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02
Apr

Language, Music and the Mind – In Conversation with Gary Marcus

Gary Marcus is an experimental psychologist and the Director of the NYU Center for Language and Music at NYU, where he studies what babies and toddlers know about language and music, and how they come to know it. His most recent book, Guitar Zero: The New Musician and the Science of Learning was a New York Times bestseller, and he blogs regularly for The New Yorker.

Language and Music: Windows into the Mind

What can language tell us about how the mind develops?

The most interesting thing about language is that only human children are good at learning it. So, language is a centerpiece to longstanding discussions about the relationship between nature and nurture.

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Gary Marcus.

[Noam] Chomsky has made the arguments – and Pinker has developed them – that there must be something that’s innate about language that would allow children to acquire it. Chimpanzees can’t acquire language. Even the best computer scientists at Google haven’t figured it out. There’s something really special about human children that allows them to acquire this system where you have a finite number of words more or less – you can always add one or two – and you can make an infinite number of sentences out of that. There are only a few things like that. Mathematics is another one. We call them discrete infinities.

When people hear the word innate, they tend to jump to the nature verses nurture discussion. How often are you asked about it, and have you developed a knee-jerk response?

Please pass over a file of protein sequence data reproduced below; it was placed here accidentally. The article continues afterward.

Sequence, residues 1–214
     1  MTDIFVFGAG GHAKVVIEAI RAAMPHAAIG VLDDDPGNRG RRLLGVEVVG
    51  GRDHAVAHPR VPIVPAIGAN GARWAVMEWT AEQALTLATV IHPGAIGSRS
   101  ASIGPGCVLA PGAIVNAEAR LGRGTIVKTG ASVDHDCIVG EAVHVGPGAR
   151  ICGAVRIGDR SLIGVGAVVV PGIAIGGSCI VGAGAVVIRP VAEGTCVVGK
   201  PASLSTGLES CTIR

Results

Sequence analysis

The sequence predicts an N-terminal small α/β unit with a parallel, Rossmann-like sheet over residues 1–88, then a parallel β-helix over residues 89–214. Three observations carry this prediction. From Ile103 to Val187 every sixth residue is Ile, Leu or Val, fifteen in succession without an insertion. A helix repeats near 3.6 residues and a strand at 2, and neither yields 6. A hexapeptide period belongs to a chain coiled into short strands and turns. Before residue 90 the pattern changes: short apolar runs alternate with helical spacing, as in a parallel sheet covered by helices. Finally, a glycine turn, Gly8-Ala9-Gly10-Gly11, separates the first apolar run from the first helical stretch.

Every time I’m asked about nature verses nurture, I think about a question that somebody asked me in a radio interview a few years ago. They said, “Well which one is more important. Can you give me a number?” Is it 80% nature and 20% nurture?

I said I can’t answer the question, and not just because I don’t know the number, but because it doesn’t work that way. The truth is that nature and nurture work together every step along the way.

You look at a single gene. What a gene does is describe the building of a protein in particular circumstances. Those circumstances themselves are mediated by the environment. If you ask is it genetic or environmental – well it’s both. The gene doesn’t do its thing unless there’s the right kind of environment. The fact is that we can’t really take them apart. It’d be sort of like saying what makes the car go better the wheels or the engine? It’s both. They work together. What you can do is to better understand that nature of nature and the nature of nurture. You can try to understand the biology that actually allows the brain to unfold over time, and how that interacts with the environment.

How do children and babies help you to learn about the mind, and what’s it like having them in the lab?

Working with kids is great. They give a window into ourselves. Everything we do comes from the minds of children and how they develop. As a practical matter, it’s really challenging work, mostly because it’s just really hard for us to get parents to bring in their kids, especially in a busy city like New York. We would always love more people.

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Dr. Marcus witnessing some development in his son (age 12 months) in January of 2014. Photo Credit: Athena Vouloumanos

[Editor's Note: If you are interested in participating in a study, explore the list of projects at NYU.]